Chen Duxiu (陈独秀1879-1942) (also know as Chen Zhongfu and Chen Shi'an) was born in Huaining, Anhui Province. After coming under the influence of modern Western thought while studying at Zhongxi Qiushi College in Hangzhou in 1897, he wrote political commentaries under the title "On the Situation Along the Yangtze Rive," which spreads patriotic ideas against the rule of the Qing Dynasty. Chen edited Anhui Vernacular Daily in 1899, keeping up his attack on the prevailing political situation. He went to Japan twice after 1901 for study and published the novels Tragic Society and Dark Heavenly Kingdom in newspapers at home, both of which expose the Manchu autocracy and foster bourgeois concepts democracy and equality.
When the Chinese Revolution of 1911 began, Chen was secretary general of the Anhui Provincial Governor's Office and director of the provincial higher education. In September 1915, Chen Duxiu launched New Youth magazine to promote democracy and science against feudal culture. Propagating the bourgeois new culture and new system, Chen was a major force in initiating the May 4th New Culture Movement in China.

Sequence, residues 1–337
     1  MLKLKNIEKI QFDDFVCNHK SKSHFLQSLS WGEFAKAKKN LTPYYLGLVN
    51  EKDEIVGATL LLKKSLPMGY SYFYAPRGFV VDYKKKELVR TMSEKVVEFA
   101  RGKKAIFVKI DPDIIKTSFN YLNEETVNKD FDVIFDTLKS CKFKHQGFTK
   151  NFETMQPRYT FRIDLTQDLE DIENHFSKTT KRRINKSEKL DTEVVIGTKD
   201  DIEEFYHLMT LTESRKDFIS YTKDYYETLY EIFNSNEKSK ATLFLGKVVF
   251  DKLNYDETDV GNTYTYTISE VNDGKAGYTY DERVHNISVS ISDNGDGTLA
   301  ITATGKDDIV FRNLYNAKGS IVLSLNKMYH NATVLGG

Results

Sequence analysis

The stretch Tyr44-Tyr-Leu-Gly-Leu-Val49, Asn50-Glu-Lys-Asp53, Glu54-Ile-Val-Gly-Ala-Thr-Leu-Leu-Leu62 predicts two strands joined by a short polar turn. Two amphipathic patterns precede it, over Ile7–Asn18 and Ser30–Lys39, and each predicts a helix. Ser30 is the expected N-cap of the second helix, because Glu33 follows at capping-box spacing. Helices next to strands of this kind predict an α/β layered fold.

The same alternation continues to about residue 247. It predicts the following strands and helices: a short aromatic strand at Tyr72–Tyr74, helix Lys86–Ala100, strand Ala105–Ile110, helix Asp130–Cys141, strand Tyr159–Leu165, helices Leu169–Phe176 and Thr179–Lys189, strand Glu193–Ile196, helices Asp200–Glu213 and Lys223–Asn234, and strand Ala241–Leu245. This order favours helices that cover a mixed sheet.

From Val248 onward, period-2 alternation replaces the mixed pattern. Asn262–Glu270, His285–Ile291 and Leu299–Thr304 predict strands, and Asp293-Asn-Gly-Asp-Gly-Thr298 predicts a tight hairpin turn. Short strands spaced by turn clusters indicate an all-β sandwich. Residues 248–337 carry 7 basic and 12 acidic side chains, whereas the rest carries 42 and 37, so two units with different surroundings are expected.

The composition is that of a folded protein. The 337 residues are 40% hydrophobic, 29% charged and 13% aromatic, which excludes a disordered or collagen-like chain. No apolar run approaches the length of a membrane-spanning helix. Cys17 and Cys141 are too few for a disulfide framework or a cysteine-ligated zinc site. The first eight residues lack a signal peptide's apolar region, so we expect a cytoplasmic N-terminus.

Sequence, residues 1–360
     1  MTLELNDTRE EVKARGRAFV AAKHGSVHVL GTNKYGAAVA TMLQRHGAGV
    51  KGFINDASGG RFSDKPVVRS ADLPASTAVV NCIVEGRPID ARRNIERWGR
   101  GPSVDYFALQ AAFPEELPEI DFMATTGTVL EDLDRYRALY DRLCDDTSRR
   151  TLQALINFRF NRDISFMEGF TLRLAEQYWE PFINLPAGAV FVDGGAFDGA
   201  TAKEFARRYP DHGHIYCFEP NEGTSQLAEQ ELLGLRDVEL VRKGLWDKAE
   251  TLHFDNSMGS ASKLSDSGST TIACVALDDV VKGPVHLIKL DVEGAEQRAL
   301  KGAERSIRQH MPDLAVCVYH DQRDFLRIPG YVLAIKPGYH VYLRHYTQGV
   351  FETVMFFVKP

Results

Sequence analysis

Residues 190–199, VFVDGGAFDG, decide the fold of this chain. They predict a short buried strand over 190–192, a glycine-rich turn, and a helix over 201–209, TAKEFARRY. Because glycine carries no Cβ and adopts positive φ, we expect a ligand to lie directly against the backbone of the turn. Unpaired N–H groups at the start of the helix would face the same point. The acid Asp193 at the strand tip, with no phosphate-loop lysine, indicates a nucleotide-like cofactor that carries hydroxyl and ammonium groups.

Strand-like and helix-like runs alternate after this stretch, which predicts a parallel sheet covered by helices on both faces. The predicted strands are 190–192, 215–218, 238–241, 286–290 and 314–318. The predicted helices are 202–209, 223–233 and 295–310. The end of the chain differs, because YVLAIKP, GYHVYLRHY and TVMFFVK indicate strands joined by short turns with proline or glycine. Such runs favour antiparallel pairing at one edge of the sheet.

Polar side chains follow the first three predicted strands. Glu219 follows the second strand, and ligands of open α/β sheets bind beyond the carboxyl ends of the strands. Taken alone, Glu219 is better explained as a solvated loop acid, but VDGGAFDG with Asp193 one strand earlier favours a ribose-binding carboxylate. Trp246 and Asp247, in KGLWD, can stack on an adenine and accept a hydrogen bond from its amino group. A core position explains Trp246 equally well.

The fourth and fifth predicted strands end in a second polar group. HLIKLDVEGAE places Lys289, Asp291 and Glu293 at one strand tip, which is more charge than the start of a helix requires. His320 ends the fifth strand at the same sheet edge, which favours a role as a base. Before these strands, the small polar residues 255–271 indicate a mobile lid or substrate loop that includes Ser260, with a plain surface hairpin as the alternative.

Chen Duxiu became principal of the College of Art of Beijing University in 1917. In collaboration with Li Dazhao, Chen launched Weekly Review to promote Marxism-Leninism and raise the slogan "revolution in literature." Thus, Chen was one of the founders and leading figures of the May 4th Movement.
Together with other Communists, Chen Duxiu organized the Communist Party of China; he served as general secretary for the first through fifth national congresses of the Party. In the latter part of the First Revolutionary Civil War Period (1924-1927), Chen Duxiu committed serious ideological error as a chief representative of the Right-wing opportunist Party line. He was removed from his post in 1927.
After the failure of the Revolution of 1927, Chen turned against the revolution and formed an anti-Party clique. In November 1929, Chen was expelled from the Party and become a Trotskyite. He was elected to the central committee of the Chinese Trotskyists.
In 1932, Chen was arrested by the Kuomintang in Shanghai and sentenced to 13 years in prison as a political prisoner for alleged "crimes" endangering the republic. He was released at the outbreak of the War of Resistance Against Japan and died of illness in Jiangjin, Sichuan Province, on May 27, 1942.
His main works include "On the Situation Along the Yangtze River" (1897), Tragic Society (1902), "On Drama" (1904), "To Young People" (1915), "On Literary Revolution" (1917), and "My Reply to the Charges Against New Youth" (1919).